Disabled paddler chasing an Olympic-sized dream

Sprint race adaptive canoes are narrower than even performance kayaks, making them swift but very tippy.

Joe Moore has 40 state-of-the-art sprint racing kayaks, and he’s looking for a few athletes in a class by themselves.

They have to be eager paddlers, ready and willing to train relentlessly for international competition that is years ahead of them. And they must meet one of the more rigorous standards for Olympic competition: They have to be at a disadvantage.

“I want to find Paralympians with qualifying disabilities who want to compete,” said Moore, 45, of James Island. He will look for them across the Lowcountry and the nation.

Paracanoe races debut at the Rio Paralympics in September. To qualify as a Paralympian, an athlete “must have an impairment in body structures and functions that leads to a competitive disadvantage in sport,” as the International Paralympic Committee states.

An American team will be in Rio, but “in 2016 we won’t have the most competitive team. To compete at the international level is very hard. Europe and other region teams are more experienced. They will be fierce competition,” Moore said. He’s looking to change that.

The founder of Adaptive Expeditions, Moore is working with the American Canoe Association and USA Canoe/Kayak, which bought the Portuguese-built kayaks with grants. The idea is rig the boats for various types and levels of disabilities, use them to introduce people to the sport, then identify serious paddlers for world games.

The nonprofit is an educational program using recreation and sports activities as health and wellness programs for people with disabilities. Moore’s forte is outfitting, instruction and coaching techniques. A longtime paddler, he turned to the avocation big time after he lost a leg.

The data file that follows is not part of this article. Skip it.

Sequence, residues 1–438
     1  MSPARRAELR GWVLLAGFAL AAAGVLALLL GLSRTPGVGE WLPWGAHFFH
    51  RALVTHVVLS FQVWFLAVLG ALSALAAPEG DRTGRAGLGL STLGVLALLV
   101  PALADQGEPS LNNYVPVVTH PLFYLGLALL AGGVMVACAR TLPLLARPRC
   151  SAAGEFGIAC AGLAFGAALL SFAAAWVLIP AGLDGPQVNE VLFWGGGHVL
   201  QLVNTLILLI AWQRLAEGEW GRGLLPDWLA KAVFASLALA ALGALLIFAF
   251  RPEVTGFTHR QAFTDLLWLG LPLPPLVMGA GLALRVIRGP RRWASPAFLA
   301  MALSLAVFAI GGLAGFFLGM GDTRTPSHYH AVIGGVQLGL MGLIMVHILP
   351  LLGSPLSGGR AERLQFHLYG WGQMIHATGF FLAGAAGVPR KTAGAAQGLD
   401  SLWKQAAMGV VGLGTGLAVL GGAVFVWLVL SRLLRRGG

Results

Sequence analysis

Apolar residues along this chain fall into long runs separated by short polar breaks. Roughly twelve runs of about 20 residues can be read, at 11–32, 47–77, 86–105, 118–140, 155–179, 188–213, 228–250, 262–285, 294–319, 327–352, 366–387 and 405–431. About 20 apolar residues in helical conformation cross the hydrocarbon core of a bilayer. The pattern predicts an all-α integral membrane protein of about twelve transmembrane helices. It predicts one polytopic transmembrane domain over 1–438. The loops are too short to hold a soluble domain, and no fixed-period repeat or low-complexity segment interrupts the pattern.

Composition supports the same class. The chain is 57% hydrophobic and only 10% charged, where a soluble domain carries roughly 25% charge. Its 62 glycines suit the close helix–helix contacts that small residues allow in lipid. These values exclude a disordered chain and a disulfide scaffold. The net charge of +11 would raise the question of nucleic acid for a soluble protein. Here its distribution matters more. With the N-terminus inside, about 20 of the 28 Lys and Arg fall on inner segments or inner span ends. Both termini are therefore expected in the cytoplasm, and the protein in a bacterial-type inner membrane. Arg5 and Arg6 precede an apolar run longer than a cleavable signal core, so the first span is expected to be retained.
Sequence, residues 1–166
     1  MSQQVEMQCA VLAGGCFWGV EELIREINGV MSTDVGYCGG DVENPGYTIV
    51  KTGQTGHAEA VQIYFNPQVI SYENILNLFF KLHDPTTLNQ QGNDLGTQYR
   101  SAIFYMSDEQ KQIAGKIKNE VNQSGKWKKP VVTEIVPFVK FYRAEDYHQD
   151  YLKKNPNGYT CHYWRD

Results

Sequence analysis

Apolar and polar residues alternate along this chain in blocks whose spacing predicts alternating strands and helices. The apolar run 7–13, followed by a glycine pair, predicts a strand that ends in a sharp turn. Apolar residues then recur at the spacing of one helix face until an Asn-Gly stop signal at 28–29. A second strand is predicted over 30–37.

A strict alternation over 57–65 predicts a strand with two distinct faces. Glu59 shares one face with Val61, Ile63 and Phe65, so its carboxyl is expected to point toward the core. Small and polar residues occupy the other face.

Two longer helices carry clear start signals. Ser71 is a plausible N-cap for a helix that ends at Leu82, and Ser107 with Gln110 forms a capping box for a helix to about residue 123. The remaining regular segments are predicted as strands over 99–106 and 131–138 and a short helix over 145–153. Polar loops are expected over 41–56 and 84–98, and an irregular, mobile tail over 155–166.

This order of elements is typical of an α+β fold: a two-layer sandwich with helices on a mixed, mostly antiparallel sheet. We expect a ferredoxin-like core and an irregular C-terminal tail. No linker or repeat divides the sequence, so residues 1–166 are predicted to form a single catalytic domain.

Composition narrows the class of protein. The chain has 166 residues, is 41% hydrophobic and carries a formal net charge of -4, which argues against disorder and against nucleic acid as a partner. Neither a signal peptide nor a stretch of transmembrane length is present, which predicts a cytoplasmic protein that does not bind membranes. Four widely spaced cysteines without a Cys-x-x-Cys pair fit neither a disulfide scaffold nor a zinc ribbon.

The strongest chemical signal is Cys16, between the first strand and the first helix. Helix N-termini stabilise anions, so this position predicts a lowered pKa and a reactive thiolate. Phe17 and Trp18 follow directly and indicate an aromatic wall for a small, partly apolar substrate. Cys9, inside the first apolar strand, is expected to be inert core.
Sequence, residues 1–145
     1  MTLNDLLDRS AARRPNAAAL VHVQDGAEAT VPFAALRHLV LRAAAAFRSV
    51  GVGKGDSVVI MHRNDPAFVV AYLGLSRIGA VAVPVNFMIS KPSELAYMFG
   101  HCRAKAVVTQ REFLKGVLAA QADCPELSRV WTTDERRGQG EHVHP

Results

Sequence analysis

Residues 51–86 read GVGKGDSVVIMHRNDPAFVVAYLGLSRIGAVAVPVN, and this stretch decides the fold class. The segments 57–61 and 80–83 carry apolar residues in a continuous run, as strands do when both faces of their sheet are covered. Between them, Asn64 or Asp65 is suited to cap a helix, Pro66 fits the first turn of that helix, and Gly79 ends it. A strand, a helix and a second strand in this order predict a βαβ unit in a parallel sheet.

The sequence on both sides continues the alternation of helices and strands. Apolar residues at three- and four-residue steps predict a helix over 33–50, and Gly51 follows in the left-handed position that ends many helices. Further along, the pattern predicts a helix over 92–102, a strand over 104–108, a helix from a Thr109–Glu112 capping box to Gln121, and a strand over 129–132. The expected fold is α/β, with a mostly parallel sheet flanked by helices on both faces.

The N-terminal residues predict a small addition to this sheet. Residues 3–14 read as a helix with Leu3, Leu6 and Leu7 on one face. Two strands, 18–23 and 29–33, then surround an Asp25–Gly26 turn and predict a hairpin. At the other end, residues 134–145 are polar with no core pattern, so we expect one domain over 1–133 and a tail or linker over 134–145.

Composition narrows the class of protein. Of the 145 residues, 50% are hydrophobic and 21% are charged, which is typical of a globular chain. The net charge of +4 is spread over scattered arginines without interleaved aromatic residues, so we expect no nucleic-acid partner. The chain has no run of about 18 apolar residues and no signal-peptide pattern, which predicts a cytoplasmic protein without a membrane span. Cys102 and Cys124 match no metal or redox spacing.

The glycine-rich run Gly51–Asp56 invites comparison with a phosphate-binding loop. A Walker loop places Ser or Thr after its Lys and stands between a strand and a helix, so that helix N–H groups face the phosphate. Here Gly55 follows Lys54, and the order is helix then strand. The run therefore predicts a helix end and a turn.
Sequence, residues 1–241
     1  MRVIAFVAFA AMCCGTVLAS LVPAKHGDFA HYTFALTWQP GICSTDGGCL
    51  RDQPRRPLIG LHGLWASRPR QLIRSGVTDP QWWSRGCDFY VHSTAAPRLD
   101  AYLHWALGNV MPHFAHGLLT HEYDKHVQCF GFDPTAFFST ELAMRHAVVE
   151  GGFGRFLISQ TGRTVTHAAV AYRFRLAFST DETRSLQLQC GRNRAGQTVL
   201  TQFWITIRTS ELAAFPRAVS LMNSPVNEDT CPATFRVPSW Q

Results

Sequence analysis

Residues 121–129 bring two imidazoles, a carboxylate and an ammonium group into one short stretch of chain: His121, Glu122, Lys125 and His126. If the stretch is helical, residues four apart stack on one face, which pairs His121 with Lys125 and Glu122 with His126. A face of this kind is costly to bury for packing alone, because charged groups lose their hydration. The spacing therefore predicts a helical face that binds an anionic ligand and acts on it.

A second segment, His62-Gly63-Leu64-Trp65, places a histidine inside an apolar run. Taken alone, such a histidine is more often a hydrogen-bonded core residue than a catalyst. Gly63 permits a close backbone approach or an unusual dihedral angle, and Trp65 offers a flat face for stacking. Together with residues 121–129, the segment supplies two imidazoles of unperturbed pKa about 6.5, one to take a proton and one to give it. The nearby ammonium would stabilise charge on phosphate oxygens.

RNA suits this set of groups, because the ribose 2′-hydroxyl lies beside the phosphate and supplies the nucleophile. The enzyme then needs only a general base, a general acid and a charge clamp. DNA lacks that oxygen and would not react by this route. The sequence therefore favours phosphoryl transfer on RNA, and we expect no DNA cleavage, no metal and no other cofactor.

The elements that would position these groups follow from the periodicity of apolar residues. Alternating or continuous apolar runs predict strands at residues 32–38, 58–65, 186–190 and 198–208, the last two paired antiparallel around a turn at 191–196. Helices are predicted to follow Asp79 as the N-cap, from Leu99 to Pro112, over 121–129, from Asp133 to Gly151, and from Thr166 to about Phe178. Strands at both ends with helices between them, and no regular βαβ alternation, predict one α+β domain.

The sport tends to be one of the more attractive for people dealing with a disability, but equipment continues to be an issue, partly because the details differ from individual to individual.

Sometimes it’s as simple as equipping paddleboards with seats. But sometimes it requires the foot pegs, sharp edges and other interior gear to be removed and replaced with smoother braces for people with lower body issues, so they don’t get injured or become trapped if they capsize.

The newly acquired kayaks nearly triple the number now in the United States.

“We run adaptive paddling workshops to bring the sport to people of all abilities. It’s a pretty unique thing and Joe Moore is our point person, spearheading the initiative,” said Chris Stec, of the American Canoe Association. “He left the association to fulfill this life dream and passion. I can’t say enough about him as a person and what he’s trying to do for paddlesports in Charleston and across the country. ”

Moore will tour programs across the country starting this summer to hold a series of workshops about the equipment and conduct training sessions.

He’d like to see one of those Paralympians emerge from the Lowcountry.

For more information contact Adaptive Expeditions, www.adaptiveexpeditions.org or 843-637-7269.

Reach Bo Petersen at 843-937-5744, @bopete on twitter or Bo Petersen Reporting on Facebook.